Jordan Spieth knows all about pressure. He also knows about the history that awaits him at the PGA Championship.
Surprisingly, he doesn't think the two are connected.
Spieth understands what is at stake in the final major championship of the year. A victory would make the 24-year-old Texan only the sixth player — and the youngest by about six months over Tiger Woods — to capture the career Grand Slam.
And he has never felt more at ease.
Maybe that will change when Spieth gets to Quail Hollow Club for the 99th edition of the PGA Championship, and the conversation shifts from his British Open victory and that amazing finish at Royal Birkdale to the prospect of owning all four trophies from golf's biggest events.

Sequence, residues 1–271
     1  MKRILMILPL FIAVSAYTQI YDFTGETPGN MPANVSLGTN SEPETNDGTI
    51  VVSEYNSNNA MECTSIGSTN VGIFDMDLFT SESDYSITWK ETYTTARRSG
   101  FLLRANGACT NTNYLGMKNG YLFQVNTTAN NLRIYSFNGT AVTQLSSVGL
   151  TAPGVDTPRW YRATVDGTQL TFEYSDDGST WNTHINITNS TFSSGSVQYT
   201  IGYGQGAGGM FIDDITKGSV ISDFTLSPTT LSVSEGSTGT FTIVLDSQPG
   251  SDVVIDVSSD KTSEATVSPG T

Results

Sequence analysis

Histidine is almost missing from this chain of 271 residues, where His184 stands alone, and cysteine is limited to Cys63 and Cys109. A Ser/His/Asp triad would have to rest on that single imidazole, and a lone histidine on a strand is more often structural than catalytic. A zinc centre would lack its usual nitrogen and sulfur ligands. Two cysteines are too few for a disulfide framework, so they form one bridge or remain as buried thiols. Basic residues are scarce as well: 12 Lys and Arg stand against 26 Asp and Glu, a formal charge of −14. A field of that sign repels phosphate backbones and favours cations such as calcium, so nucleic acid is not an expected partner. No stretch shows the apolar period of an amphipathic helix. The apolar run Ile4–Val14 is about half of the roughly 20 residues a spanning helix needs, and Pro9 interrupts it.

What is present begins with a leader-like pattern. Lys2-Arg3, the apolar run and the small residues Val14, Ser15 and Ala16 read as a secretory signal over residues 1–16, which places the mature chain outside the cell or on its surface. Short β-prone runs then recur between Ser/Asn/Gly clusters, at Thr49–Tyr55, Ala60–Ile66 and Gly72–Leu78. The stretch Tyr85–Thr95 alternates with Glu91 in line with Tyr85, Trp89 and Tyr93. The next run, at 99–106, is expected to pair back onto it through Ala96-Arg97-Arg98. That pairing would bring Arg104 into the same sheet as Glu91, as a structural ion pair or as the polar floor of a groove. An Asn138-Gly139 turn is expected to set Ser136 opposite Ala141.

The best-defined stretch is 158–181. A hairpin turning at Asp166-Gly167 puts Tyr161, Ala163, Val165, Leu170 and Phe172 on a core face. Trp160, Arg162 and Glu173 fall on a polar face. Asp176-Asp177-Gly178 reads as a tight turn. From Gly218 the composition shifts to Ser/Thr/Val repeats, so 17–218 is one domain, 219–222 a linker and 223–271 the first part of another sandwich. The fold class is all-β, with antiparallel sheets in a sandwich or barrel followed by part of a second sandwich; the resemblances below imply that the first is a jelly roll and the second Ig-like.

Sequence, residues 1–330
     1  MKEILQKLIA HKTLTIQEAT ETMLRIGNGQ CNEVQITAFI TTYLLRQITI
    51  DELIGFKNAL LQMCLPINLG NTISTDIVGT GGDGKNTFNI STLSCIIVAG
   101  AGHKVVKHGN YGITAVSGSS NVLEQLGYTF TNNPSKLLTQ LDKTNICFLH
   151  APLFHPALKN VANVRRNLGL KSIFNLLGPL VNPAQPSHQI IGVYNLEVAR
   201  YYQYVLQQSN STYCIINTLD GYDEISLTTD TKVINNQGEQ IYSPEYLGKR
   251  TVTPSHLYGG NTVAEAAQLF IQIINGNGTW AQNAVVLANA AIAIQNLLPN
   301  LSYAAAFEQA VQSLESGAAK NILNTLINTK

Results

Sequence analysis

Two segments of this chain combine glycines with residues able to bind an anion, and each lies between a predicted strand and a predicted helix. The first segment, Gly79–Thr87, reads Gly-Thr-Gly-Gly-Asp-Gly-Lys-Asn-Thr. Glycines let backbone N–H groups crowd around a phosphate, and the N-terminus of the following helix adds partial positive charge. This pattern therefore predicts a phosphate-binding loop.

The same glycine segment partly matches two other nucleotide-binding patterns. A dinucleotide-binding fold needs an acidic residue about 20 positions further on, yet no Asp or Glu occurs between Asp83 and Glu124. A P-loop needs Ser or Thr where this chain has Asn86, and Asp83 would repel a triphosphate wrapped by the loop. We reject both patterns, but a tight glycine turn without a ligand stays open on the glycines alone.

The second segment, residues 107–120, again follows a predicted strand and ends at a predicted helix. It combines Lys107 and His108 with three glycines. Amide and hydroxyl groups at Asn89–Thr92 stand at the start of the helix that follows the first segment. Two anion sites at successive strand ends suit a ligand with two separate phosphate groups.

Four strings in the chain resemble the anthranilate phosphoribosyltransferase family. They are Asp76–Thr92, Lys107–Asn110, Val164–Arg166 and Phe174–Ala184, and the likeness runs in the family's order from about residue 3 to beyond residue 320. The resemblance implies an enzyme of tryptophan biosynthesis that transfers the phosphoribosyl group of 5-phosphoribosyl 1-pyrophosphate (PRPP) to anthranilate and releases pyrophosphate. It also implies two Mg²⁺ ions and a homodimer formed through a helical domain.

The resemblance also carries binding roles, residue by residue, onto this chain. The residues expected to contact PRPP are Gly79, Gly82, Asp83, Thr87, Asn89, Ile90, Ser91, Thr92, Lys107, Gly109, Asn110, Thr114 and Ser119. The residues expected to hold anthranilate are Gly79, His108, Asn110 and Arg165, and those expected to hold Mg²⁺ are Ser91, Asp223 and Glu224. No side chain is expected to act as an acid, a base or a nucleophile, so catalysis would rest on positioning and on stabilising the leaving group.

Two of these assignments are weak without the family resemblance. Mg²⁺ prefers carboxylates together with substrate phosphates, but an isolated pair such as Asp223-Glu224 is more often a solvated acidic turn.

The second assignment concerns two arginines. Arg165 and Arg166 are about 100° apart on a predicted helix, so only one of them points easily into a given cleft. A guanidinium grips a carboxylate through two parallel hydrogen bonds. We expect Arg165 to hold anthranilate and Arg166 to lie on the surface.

"There's going to be a bunch of buildup and hype around it, and it's going to be said a lot," Spieth said. "But it's almost like if we don't win ... we're free-wheeling. I'm going to play to win. And if it doesn't go well, then so what?"
Woods was the most recent addition to golf's most elite group when he won the U.S. Open and British Open in a span of 35 days in 2000.
It took 13 years before anyone else even had the chance, and now there are three candidates. Phil Mickelson picked up the third leg of the career Grand Slam at the 2013 British Open, and Rory McIlroy joined him by winning the claret jug a year later. In both cases, they had to wait until the following year for their opportunity to get the last one — Mickelson at the U.S. Open, McIlroy at the Masters.
Spieth only has to wait three weeks, which is one reason he doesn't feel any anxiety.